Iranian-Canadians worried about rise in COVID-19 cases

Concerns are rising in the Iranian community in Ontario, as the province saw an increase in COVID-19 cases over the weekend.

Ontario reported three new cases of the coronavirus in the Toronto area on Monday, bringing the total in the province to 18. All of the new cases were people who had recently travelled to Iran or Egypt, or family members of those who had visited those countries.

The Public Health Agency of Canada is now asking travellers from Iran to self-isolate for 14 days after arriving in Canada.

Some in the Iranian community are worried about loved ones stuck in Iran.

Farah Hossein Zadah Birjandi is a member of the Iranian community in Thornhill. (Grant Linton/CBC News)

“It’s a very complicated situation … Nowadays, I cannot sleep,” said Farah Hossein Zadah Birjandi from Thornhill, Ont.

Her husband arrived in Iran in mid-February, and shortly after, the country began reporting a surge in COVID-19 cases. With many borders closed and international flights cancelled, her husband is stuck in Iran.

“I’ve been in touch with five agencies in Iran and even ones here,” said Birjandi.

“All flights are full, and if not, they are so expensive — between $5,000 to $7,000.”

Iran has confirmed 1,501 cases of the virus and 66 deaths so far, but many believe the true number is larger, as the country’s caseload surged more than 250 per cent in just 24 hours.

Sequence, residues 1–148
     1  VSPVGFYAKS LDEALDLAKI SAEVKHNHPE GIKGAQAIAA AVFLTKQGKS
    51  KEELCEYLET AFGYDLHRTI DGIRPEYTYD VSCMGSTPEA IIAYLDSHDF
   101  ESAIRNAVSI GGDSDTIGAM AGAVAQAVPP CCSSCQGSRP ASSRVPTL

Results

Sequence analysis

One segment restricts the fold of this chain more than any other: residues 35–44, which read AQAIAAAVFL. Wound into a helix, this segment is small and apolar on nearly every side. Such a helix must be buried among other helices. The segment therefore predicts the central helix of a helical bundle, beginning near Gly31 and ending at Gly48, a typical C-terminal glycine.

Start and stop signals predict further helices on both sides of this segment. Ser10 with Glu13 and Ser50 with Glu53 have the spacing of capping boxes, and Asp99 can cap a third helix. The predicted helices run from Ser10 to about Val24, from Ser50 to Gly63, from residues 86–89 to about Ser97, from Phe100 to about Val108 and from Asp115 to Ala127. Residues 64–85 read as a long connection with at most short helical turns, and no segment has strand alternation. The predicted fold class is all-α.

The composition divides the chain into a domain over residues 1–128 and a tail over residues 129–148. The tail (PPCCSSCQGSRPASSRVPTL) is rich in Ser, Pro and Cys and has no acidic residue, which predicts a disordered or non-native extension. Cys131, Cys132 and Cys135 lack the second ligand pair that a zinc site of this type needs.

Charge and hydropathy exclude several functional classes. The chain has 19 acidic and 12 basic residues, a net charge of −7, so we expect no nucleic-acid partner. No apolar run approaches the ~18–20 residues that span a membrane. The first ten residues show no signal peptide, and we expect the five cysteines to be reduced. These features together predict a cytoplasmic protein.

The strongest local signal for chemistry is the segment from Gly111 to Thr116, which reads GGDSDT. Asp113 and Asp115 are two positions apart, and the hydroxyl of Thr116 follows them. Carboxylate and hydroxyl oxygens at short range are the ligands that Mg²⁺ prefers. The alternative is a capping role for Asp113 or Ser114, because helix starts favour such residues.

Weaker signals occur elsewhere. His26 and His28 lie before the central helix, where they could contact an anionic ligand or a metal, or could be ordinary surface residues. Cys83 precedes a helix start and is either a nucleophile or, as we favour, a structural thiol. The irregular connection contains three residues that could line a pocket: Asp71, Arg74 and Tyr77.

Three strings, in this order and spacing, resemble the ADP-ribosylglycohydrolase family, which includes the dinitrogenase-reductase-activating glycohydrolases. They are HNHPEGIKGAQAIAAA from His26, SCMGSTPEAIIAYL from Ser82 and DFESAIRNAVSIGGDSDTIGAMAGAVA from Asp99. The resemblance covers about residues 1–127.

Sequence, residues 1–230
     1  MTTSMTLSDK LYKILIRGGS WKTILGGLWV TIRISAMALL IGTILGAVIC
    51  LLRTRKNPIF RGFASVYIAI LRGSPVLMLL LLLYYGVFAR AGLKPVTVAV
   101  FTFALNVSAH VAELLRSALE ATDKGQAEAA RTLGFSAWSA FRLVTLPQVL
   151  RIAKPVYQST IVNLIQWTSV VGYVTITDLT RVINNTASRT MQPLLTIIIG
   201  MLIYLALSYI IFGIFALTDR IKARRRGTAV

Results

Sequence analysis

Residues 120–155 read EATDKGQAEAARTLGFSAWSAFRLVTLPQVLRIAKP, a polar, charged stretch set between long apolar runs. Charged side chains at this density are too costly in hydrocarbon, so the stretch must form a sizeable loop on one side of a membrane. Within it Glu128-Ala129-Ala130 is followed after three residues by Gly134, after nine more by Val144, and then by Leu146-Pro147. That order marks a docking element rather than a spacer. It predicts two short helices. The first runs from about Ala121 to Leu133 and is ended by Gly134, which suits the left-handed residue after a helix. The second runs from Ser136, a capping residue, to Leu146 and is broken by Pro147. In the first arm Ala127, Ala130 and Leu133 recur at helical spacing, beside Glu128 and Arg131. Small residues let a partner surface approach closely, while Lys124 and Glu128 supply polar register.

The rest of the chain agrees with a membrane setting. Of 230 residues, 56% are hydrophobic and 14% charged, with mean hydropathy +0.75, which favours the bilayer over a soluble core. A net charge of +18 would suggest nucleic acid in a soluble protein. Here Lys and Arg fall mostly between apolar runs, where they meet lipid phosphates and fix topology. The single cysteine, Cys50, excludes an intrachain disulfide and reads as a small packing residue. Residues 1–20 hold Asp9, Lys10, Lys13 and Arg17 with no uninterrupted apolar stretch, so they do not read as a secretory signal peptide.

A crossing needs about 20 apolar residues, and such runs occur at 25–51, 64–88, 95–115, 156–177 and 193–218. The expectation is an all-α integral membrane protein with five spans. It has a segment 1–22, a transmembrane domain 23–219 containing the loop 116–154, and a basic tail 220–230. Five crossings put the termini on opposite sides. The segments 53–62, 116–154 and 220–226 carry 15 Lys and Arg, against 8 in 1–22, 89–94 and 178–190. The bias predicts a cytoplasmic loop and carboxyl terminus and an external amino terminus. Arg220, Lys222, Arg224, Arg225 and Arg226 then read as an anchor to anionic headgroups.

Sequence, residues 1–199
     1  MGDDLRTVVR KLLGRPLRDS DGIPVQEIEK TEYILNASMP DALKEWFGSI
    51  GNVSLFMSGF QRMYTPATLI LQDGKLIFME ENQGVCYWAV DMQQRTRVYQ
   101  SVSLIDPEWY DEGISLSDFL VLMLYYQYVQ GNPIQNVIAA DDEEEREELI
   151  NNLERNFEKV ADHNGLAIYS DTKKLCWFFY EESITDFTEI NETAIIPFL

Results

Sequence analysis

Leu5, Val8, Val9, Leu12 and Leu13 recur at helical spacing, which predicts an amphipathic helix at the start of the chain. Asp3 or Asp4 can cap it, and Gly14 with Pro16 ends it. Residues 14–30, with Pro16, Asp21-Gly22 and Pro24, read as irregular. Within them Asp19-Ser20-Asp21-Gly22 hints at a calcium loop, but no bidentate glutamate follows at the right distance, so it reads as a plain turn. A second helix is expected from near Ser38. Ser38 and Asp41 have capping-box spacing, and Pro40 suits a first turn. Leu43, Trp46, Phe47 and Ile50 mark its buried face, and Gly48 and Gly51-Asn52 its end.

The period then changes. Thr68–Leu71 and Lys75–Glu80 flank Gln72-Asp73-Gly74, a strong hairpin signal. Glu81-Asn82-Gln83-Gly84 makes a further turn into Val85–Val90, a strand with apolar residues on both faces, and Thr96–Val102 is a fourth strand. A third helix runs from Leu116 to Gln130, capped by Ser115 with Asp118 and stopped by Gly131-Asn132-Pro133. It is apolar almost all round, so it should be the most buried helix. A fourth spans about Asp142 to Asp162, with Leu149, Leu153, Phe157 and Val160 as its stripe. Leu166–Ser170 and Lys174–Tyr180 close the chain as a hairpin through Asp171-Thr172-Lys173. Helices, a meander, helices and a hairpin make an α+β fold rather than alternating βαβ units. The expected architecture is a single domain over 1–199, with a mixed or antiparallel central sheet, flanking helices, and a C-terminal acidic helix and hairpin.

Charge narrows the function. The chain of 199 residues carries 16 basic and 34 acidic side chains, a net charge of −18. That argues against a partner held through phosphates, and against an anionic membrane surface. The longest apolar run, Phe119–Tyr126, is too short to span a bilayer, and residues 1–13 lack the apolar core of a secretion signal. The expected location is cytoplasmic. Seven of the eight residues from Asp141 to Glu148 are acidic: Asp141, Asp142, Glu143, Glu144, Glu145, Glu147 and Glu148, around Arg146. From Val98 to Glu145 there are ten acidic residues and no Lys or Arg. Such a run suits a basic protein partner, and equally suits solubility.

Birjandi contacted Global Affairs Canada, who told her that the government is not helping Canadians get out of Iran at this time.

“I’m lacking in energy these days, but I’m the kind of person that never gives up,” said Birjandi.

Gatherings cancelled, some people self-quarantined

Alireza Heidari and Hamid Gharajeh are leaders in the Iranian community. (Grant Linton/CBC News)

Hamid Gharajeh and Alireza Heidari are leaders in Toronto’s close-knit Iranian community. According to them, those who had managed to fly home were surprised at the lack of screening at the airport.

“Some people landed in Canada without any questions,” said Gharajeh. “There was no screening or no testing at the airport.”

As of Monday afternoon, travellers arriving in Canada from Iran are being asked to self-isolate to prevent the spread of COVID-19. Those coming from Iran will be asked to report any symptoms that may be linked to the virus, or to self-isolate for 14 days if they are asymptomatic.

Chief Public Health Officer Dr. Theresa Tam said the new measure is being imposed because new cases confirmed in Canada have been traced to travel in Iran, a pattern she called “very concerning.”

“The Iranian community in Richmond Hill is taking our initiative to inform our people to try to stay home and especially cancel any gatherings,” said Gharajeh.

“Right now over this last week, I’m aware of three events being cancelled,” added Heidari.

The risk factor for Iran has been increased by Public Health Agency of Canada to the same level as China’s Hubei province, the area where the outbreak began.

The agency says the risk in Canada associated with COVID-19 remains low.


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